When Galaxies Collide, our Solar System Will Go for a Ride
Release No.: 
2007-14
For Release: 
Sunday, May 13, 2007 - 8:00pm

For decades, astronomers have known that the Milky Way galaxy is on a collision course with the neighboring Andromeda spiral galaxy. What was unknown until now: the fate of the Sun and our solar system in that melee. New calculations by theorists T.J. Cox and Avi Loeb (Harvard-Smithsonian Center for Astrophysics) show that the Sun and its planets will be exiled to the outer reaches of the merged galaxy. Moreover, the collision will take place within the Sun's lifetime, before it becomes a burned-out white dwarf star.

"You could say that we're being sent to a retirement home in the country," said Cox. "We're living in the suburbs of the Milky Way right now, but we're likely to move much farther out after the coming cosmic smash-up."

Computer simulations by Cox and Loeb show that big changes are coming in only 2 billion years, when the Milky Way and Andromeda experience their first close pass. A viewer on Earth would see the night sky evolve from a strip of stars (the Milky Way seen edge-on) to a muddled mess as Andromeda's powerful pull flings stars from their stately orbits.

At that time, the Sun will still be a hydrogen-burning main-sequence star, although it will have brightened and heated enough to boil the oceans from the Earth.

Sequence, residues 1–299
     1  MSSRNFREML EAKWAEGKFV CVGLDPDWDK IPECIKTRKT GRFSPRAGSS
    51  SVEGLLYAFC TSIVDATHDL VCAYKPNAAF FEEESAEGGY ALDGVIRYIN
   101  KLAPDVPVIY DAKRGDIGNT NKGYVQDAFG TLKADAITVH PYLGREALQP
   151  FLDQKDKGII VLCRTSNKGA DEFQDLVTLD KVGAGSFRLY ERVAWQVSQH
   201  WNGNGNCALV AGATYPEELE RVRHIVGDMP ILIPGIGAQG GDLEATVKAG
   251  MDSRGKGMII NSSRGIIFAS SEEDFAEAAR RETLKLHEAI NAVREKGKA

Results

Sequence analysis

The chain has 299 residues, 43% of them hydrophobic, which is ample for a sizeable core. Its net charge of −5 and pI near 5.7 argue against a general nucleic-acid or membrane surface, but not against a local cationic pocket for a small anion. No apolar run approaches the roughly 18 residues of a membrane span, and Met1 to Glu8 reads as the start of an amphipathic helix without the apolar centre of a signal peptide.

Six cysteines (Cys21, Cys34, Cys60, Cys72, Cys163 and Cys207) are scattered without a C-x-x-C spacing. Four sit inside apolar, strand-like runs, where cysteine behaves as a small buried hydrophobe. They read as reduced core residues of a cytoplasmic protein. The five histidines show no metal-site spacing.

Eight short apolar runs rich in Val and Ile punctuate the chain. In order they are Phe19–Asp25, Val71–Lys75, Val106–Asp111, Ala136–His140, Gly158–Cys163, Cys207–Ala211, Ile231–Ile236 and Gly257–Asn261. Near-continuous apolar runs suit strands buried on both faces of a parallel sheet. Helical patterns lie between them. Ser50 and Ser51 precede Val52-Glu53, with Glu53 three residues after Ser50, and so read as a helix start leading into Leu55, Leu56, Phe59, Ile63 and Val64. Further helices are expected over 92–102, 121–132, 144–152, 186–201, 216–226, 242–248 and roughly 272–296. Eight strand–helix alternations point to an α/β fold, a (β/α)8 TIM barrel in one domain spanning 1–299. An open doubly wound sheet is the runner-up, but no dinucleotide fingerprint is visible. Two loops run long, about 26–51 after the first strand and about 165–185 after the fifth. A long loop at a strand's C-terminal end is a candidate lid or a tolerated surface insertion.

The two galaxies will swing around each other a couple of times, intermingling their stars as gravitational forces stir them together.

About 5 billion years from now, Andromeda and the Milky Way will have completely combined to form a single, football-shaped elliptical galaxy. The Sun will be an aging star nearing the red giant phase and the end of its lifetime. It and the solar system likely will reside 100,000 light-years from the center of the new galaxy -- 4 times further than the current 25,000 light-year distance.

Any descendants of humans observing the future sky will experience a very different view. The strip of Milky Way will be gone, replaced by a huge bulge of billions of stars. Future scientists may look back on today's research as the first prediction of things to come.

"This is the first paper in my publication record that has a chance of being cited five billion years from now," joked Loeb.

The paper describing this research has been submitted for publication to the Monthly Notices of the Royal Astronomical Society. It is available online at http://www.cfa.harvard.edu/~tcox/localgroup/ and http://arxiv.org/abs/0705.1170.

Headquartered in Cambridge, Mass., the Harvard-Smithsonian Center for Astrophysics (CfA) is a joint collaboration between the Smithsonian Astrophysical Observatory and the Harvard College Observatory. CfA scientists, organized into six research divisions, study the origin, evolution and ultimate fate of the universe.

David A. Aguilar
Director of Public Affairs
Harvard-Smithsonian Center for Astrophysics
617-495-7462
daguilar@cfa.harvard.edu

Christine PulliamPublic Affairs Specialist
Harvard-Smithsonian Center for Astrophysics
617-495-7463
cpulliam@cfa.harvard.edu